The ethernet shield was always on my list of things run with 8OD, but sat in the “too hard” basket, mostly because I was afraid of a difficult software task, which in the end would turn out to be rather simple.
My fears weren’t without basis, however. A lot of years ago, when I was a enthusiastic graduate, I made this thing:
By contemporary standards, that might seem like a lot of arse-about-face to get an 8-bit AVR based microcontroller online, but back then – It was a tough gig.
At the time, most efforts centred on frankensteining NE2000’s or better Ethernet controllers, designed for greater CPUs, onto silly little things like this board, which meant buses, glue logic, late nights in front of the logic analyser, all sorts of annoying obstacles.
Even having done all of that, the next pain in the backside was having to port (or write) a full TCP/IP stack to make it all work. Any 8-bit microcontroller attempting this needed a lot of flash, and external RAM to have a hope of doing anything other than firing small UDP packets around.
If you were dead-set on getting your coffee machine online without having to attach it to a full blown PC, you had to work at it.
A few years later, things got a little better with the release of Microchip’s PIC18 with built in Ethernet, but with expensive buggy compilers and reams of unintuitive code, it still required significant commitment.
Apparently these days, there’s been changes. Enter the W5100, which the Arduino Ethernet shield is based on. With in-built TCP/IP stack – It’s a really smart chip, which connects dumb things to the net.
8OD (and a lot of other boards this shield can plug into) are sufficiently powerful to run their own TCP/IP stack, but heck, it plugs right in, so let’s put the technical nits aside and give this thing a crack.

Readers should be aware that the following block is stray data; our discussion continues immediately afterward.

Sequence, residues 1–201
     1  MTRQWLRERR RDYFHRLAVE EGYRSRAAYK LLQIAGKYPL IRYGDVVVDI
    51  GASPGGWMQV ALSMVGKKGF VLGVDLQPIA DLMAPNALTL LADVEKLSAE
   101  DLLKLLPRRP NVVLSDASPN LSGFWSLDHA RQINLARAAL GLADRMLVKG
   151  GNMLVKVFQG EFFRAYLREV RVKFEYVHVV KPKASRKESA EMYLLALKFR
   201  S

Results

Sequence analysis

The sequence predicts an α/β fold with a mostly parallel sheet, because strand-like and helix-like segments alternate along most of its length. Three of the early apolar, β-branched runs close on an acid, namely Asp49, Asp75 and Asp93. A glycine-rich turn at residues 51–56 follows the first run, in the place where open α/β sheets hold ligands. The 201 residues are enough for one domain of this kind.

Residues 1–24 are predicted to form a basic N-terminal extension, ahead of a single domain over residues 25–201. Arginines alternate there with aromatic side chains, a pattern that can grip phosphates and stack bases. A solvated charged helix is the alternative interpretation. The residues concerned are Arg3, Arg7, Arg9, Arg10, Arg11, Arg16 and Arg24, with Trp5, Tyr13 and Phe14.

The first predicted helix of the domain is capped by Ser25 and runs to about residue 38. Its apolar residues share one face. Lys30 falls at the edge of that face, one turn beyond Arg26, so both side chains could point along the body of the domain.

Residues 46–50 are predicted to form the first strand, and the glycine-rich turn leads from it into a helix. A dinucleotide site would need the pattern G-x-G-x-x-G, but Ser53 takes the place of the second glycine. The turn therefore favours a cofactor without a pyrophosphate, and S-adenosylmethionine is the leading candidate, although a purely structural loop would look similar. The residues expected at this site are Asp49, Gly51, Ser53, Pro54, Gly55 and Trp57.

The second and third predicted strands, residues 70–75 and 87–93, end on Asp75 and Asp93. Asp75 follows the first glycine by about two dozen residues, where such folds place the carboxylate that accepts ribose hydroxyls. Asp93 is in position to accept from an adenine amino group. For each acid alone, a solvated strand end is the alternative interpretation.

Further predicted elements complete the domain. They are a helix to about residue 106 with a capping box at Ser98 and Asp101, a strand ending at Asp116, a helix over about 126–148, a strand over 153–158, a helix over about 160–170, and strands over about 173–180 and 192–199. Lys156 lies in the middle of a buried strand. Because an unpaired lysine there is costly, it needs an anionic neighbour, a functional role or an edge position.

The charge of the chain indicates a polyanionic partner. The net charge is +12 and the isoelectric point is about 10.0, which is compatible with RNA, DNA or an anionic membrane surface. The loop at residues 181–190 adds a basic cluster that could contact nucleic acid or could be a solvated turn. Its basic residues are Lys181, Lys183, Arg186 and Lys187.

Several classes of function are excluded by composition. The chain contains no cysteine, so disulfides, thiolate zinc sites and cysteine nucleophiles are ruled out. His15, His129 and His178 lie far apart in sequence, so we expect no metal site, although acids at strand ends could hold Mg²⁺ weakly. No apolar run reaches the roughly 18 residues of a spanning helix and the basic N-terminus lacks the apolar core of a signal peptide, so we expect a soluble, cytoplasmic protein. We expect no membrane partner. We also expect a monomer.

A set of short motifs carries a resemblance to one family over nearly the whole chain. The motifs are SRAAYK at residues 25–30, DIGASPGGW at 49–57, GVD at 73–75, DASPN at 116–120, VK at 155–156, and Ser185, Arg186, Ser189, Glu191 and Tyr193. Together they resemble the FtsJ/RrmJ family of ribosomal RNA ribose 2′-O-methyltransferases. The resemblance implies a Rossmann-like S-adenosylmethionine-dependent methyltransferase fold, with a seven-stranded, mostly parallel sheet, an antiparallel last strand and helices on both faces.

I quickly notice, that with the Ethernet shield attached – 8OD occasionally doesn’t boot?
After quickly whipping up a test app which just gives it an IP address, I quickly notice, that with the Ethernet shield attached – 8OD occasionally doesn’t boot? What the hey?! After all the time I had spent making sure this design was robust, how could it be defeated by plugging in a shield!
Quickly the stuffup becomes apparent, and it is not mine. It seems that the designers of the Ethernet shield neglected to put pull up resistors on the CS# signals. Oops.
Not a problem for basic Arduino use cases, but a major bummer for 8OD because it means that an attached SD card, the W5100 and 8OD’s SPI flash are all simultaneously “selected” during the boot up phase, because the GPIO’s are all tristated, as they should be.
There’s no software or hardware solution I can meaningfully apply to 8OD to get around this, and with its fair share of Arduino brain farts already designed into it – It’s got to be the Ethernet shield that has to be fixed.
Which was pretty easy. I just put a pull up resistor on it.
I can now at least, ping it. Now to make it do something useful.